A wolf’s sense of smell is critical and useful in many ways. Of course, wolves use their nose to hunt. But they also use their nose to identify individuals and species and to determine age, gender, diet, social rank, emotional state, and breeding condition of other wolves, according to Fred Harrington and Cheryl Asa in Wolves: Behavior, Ecology, and Conservation. “To have a wolf’s nose for only one day would surely reveal a whole new world,” they add.
To estimate the strength of a wolf’s sense of smell, the authors compare wolves with dogs, a much more studied animal. They assume that a wolf’s sense of smell is at least as strong as that of a dog. And dogs, they say, “are a hundred to millions of times more sensitive than humans in perceiving odors.”
Odors, it turns out, are honest communication that can’t be faked, since a wolf has little control over most odors it leaves behind. Those revealing scents are also much longer lasting communication than howling, the topic of Part One in this three-part series on how wolves communicate.
Harrington and Asa list a surprisingly large number of sources from which wolves produce scents:
Urine: Only dominant male and female wolves mark with urine, depositing only drops each time they mark. Dominant wolves raise their leg when urinating; the height of the urine may send a message about the stature of the animal leaving it. Males mark more often than females. Wolves mark with urine frequently along the edges of their territory, creating what David Mech and Luigi Boitani call an “olfactory bowl.” They mark more often when other wolves or coyotes intrude into their territory.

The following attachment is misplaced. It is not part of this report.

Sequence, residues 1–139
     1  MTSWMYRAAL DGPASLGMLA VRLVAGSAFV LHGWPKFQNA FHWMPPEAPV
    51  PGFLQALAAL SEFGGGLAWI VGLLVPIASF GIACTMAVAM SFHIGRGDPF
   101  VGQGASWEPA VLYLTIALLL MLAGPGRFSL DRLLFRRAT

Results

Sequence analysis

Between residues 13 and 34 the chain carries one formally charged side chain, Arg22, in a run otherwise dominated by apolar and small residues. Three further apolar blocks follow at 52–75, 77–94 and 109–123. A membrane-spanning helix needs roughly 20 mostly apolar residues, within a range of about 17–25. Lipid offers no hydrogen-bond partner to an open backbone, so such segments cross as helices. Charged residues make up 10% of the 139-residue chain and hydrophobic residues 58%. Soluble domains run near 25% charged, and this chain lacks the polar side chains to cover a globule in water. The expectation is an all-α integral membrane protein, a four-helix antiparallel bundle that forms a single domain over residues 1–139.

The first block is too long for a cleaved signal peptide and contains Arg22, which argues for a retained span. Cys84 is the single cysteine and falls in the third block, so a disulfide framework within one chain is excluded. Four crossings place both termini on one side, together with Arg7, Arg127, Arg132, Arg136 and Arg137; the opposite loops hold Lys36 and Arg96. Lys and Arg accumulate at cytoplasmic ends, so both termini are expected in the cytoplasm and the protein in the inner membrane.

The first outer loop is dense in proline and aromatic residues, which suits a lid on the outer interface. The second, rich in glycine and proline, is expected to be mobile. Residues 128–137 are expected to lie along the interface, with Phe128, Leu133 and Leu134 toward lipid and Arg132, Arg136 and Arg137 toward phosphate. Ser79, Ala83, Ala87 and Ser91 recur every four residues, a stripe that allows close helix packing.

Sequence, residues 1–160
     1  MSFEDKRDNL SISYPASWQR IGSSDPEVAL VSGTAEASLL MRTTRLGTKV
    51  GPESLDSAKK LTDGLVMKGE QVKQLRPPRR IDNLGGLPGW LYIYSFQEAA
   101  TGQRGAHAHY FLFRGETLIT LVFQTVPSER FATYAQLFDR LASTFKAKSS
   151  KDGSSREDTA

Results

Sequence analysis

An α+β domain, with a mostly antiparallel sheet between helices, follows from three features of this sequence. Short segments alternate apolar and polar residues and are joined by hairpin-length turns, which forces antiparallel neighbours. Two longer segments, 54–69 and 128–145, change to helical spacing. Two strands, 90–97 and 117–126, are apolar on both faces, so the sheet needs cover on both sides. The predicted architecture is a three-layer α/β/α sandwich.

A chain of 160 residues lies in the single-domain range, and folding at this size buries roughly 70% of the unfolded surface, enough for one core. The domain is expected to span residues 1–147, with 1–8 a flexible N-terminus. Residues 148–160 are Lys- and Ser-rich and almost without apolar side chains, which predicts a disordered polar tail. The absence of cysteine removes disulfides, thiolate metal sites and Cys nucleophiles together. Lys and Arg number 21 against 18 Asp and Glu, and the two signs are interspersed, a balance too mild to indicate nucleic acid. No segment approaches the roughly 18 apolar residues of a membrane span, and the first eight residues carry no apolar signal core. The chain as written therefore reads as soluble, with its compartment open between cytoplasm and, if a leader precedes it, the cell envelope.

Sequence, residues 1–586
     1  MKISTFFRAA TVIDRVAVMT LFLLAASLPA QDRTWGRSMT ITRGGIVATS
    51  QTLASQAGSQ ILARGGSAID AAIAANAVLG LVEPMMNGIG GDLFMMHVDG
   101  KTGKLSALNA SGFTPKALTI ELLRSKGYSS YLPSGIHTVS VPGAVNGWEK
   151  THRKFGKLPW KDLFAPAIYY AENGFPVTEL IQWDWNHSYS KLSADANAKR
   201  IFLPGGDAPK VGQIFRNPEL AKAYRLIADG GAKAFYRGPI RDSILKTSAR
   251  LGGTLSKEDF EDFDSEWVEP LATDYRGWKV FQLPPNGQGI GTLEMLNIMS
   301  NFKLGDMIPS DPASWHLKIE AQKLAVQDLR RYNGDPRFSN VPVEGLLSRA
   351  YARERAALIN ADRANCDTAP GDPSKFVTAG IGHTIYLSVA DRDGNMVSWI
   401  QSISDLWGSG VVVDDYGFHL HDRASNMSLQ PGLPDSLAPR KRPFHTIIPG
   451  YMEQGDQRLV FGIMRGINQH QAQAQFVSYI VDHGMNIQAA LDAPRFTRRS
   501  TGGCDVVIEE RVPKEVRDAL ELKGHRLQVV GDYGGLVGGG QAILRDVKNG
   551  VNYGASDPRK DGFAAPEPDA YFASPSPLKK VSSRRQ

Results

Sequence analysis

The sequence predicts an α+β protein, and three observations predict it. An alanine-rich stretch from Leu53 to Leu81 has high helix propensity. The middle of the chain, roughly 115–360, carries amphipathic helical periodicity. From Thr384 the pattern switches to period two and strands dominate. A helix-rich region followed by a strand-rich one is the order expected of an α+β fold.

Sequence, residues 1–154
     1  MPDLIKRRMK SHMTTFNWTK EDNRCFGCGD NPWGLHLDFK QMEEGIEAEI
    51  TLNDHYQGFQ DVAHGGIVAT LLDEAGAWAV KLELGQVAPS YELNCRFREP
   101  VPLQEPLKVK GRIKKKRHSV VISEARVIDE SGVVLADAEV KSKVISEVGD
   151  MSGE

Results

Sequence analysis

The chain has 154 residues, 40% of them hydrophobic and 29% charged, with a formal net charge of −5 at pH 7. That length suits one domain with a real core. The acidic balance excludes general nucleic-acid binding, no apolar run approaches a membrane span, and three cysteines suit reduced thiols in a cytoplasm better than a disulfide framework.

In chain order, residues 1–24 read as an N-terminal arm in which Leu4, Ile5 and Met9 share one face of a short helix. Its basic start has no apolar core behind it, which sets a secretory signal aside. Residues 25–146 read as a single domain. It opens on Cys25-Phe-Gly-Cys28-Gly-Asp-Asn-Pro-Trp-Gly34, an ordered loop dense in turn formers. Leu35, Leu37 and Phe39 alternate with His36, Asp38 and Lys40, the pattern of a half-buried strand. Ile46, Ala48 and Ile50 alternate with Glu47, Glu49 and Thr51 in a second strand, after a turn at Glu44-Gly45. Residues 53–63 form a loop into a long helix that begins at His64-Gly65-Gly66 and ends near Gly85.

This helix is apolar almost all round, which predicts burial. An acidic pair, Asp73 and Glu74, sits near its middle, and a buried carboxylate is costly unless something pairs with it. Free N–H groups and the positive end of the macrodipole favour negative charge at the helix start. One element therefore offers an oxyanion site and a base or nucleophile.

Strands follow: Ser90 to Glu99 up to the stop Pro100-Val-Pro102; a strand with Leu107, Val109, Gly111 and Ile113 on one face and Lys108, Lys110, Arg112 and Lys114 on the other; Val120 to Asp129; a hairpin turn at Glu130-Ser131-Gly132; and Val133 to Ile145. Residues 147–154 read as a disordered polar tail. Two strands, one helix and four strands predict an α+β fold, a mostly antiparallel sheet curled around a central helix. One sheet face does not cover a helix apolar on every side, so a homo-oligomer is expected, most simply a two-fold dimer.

Feces: Wolves also mark territory with their feces, which they may leave on conspicuous objects and along trails and roads, often at junctions.
Saliva: A male can obtain information about a female’s reproductive state by sniffing or licking the saliva on a female’s muzzle.
Anal sacs: Because anal sacs are surrounded by muscles that a wolf can control, a wolf may secrete on command. “The common greeting position, in which two individuals stand head to tail, suggests an interest in anal sac odors,” say Harrington and Asa. The dominant wolf holds its tail away from the body, revealing the anal sac area. The subordinate animal holds its tail close.
Feet: Wolves have sweat glands in the webs of their paws that leave a scent when a wolf scratches the ground.
Skin glands: Wolves leave “distinctive odor fingerprints” that other wolves can recognize.
Back and tail: Glands in these areas may produce scents that reveal a wolf’s emotional state.
Vagina: The vagina and uterus secrete odors that play a part in long-distance reproductive communication.
Harrington and Asa add that a wolf’s sense of smell can work in conjunction with its sense of hearing to improve communication. A male wolf, for example, may smell a female’s urine and conclude that her body is ready to mate. But her growls may tell him to back off. He better listen.
[To read Part One on howling]
Wolf photo by Eilish Reding Palmer
My forthcoming book,
The Wilds of Aging:
A Journey of Heart and Mind
A Journey of Heart and Mind